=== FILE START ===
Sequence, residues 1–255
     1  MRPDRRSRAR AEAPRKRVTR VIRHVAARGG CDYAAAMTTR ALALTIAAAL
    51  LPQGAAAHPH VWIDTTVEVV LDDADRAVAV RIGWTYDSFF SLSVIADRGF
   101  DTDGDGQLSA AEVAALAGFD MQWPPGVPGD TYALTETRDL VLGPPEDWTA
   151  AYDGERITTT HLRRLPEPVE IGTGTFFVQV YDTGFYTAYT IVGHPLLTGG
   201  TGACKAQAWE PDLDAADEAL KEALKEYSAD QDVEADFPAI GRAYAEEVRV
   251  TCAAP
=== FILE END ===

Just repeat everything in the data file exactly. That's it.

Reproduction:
Sequence, residues 1–255
     1  MRPDRRSRAR AEAPRKRVTR VIRHVAARGG CDYAAAMTTR ALALTIAAAL
    51  LPQGAAAHPH VWIDTTVEVV LDDADRAVAV RIGWTYDSFF SLSVIADRGF
   101  DTDGDGQLSA AEVAALAGFD MQWPPGVPGD TYALTETRDL VLGPPEDWTA
   151  AYDGERITTT HLRRLPEPVE IGTGTFFVQV YDTGFYTAYT IVGHPLLTGG
   201  TGACKAQAWE PDLDAADEAL KEALKEYSAD QDVEADFPAI GRAYAEEVRV
   251  TCAAP